54. 54. A coordinate measuring machine (CMM) is a device for measuring the physical geometrical characteristics of an object. This machine may be manually controlled by an operator or it may be computer controlled. Measurements are defined by a probe attached to the third moving axis of this machine. Probes may be mechanical, optical, laser, or white light, among others. A machine which takes readings in six degrees of freedom and displays these readings in mathematical form is known as a CMM. Description The typical 3D "bridge" CMM is composed of three axes, X, Y and Z. These axes are orthogonal to each other in a typical three-dimensional coordinate system. Each axis has a scale system that indicates the location of that axis. The machine reads the input from the touch probe, as directed by the operator or programmer. The machine then uses the X,Y,Z coordinates of each of these points to determine size and position with micrometer precision typically. A coordinate measuring machine (CMM) is also a device used in manufacturing and assembly processes to test a part or assembly against the design intent. By precisely recording the X, Y, and Z coordinates of the target, points are generated which can then be analyzed via regression algorithms for the construction of features. These points are collected by using a probe that is positioned manually by an operator or automatically via Direct Computer Control (DCC). DCC CMMs can be programmed to repeatedly measure identical parts, thus a CMM is a specialized form of industrial robot Air gauge Air gauging relies on a law of physics that states flow and
  55. 55. pressure are directly proportionate to clearance and react inversely to each other. As clearance increases, air flow also increases, and air pressure decreases proportionately. As clearance decreases, air flow also decreases, and air pressure increases. 4.3.8 Air gauge Air gauging relies on a law of physics that states flow and pressure are directly proportionate to clearance and react inversely to each other. As clearance increases, air flow also increases, and air pressure decreases proportionately. As clearance decreases, air flow also decreases, and air pressure increases. Figure 4.8 Air gauge This is accomplished by having a regulated air flow that travels through some type of restriction, such as a needle valve or jeweled orifice, and then through the nozzle in the air tool. As the obstruction (i.e., workpiece) is brought closer to the nozzle, air flow is reduced and the back pressure is increased. When the nozzle is completely obstructed, the flow is zero, and the back
  56. 56. pressure is equal to the regulated air. Conversely, when the nozzle is open to the atmosphere, air flow is at a maximum, and the back pressure is at a minimum 4.3.9 Dialtest indicator Figure 4.9 Dial test indicator A dial test indicator, also known as a lever arm test indicator or finger indicator, has a smaller measuring range than a standard dial indicator. A test indicator measures the deflection of the arm, the probe does not retract but swings in an arc around its hinge point. The lever may be interchanged for length or ball diameter, and permits measurements to be taken in narrow grooves and small bores where the body of a probe type may not reach. The model shown is bidirectional, some types may have to be switched via a side lever to be able to measure in the opposite direction. These indicators actually measure angular displacement and not linear displacement; linear distance is correlated to the angular displacement based on the correlating variables. If the cause of movement is perpendicular to the finger, the linear displacement error is acceptably small within the display range of the dial. However, this error starts to become noticeable when this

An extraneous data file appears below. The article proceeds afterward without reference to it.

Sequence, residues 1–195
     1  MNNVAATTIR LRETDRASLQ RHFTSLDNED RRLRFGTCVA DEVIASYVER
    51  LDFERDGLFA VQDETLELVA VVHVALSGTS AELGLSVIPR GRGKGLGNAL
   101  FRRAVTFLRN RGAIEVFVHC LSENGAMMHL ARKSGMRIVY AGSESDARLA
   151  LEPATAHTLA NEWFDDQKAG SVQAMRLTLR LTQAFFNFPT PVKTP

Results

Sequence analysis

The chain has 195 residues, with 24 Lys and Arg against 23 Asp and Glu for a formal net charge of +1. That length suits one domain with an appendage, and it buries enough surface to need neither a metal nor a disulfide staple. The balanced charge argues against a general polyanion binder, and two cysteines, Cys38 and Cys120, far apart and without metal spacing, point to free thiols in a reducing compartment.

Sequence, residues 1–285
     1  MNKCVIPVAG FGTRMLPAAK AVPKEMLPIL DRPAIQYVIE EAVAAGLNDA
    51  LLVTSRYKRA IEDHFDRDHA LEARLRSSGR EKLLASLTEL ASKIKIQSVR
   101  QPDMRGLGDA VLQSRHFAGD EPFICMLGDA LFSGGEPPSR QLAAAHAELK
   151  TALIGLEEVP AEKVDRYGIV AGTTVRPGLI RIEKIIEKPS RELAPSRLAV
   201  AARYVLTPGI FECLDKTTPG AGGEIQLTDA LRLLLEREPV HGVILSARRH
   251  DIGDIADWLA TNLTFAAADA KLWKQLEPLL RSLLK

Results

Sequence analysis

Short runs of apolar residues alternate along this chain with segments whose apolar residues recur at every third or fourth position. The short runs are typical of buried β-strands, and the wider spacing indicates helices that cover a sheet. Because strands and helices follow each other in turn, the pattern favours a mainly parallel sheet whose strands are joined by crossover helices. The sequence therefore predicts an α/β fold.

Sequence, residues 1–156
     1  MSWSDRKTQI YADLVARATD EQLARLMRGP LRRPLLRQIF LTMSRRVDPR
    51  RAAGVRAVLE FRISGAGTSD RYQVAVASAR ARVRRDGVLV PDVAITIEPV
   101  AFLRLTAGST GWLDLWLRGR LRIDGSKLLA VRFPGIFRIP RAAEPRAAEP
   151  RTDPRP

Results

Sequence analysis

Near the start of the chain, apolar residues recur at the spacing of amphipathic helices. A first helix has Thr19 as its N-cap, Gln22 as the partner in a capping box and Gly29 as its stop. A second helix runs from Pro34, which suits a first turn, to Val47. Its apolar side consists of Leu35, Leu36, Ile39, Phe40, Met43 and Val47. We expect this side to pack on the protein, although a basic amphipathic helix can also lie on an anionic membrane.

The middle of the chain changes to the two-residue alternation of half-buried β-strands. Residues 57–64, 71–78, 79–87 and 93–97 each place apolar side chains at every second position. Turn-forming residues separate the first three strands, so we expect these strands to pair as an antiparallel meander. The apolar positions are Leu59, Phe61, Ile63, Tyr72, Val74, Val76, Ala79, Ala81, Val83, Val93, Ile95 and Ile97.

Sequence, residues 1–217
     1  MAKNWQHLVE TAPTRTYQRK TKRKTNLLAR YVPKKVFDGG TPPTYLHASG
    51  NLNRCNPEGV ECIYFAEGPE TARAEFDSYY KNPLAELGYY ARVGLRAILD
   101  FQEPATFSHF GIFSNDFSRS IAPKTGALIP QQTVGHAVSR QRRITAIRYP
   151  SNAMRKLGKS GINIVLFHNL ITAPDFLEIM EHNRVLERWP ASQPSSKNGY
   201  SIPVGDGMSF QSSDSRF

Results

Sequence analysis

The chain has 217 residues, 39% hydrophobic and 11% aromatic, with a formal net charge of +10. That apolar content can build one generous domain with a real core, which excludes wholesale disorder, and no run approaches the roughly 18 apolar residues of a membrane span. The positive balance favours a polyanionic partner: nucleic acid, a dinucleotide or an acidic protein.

57. 57. cause is as much as 10° off the ideal 90°. This is called cosine error, because the indicator is only registering the cosine of the movement, whereas the user likely is interested in the net movement vector. Cosine error is discussed in more detail below. Contact points of test indicators most often come with a standard spherical tip of 1, 2, or 3mm diameter. Many are of steel (alloy tool steel or HSS); higher-end models are of carbides (such as tungsten carbide) for greater wear resistance. Other materials are available for contact points depending on application, such as ruby (high wear resistance) or teflon or PVC (to avoid scratching the workpiece). These are more expensive and are not always available as OEM options, but they are extremely useful in applications that demand them. Modern dial test indicators are usually mounted using either an integrated stem (on the right of the image) or by a special clamp that grabs an dovetail on the indicator body. Some instruments may use special holders.
  58. 58. 4.3.10 Calipers For the parts which can’t be measured directly with the scale, assistance of calipers can be taken. Calipers thus act as accessories to scales. The caliper consists of two legs hinged at top, Figure 4.10 Calipers and the ends of legs span the part to be inspected. This span is maintained and transferred to the scale. It would be noted that calipers easily sense diameter (i.e. maximum distance) and transfer the distance between the faces to the rule in such a way as to reduce sighting errors and increase the reading accuracy. Calipers can be either spring type or firm-joint type. Again under spring calipers we can have outside and inside calipers and under firm-joint calipers we have outside, inside, transfer and hermophrodite calipers. In spring calipers, spring tension holds the caliper legs firmly against the adjusting nut. These are more accurate and permit accurate sense of touch in measuring. Firm joint calipers work on the friction created at the junction of legs. These become loose after certain use. But they are easier to adjust and are particularly suitable for larger work.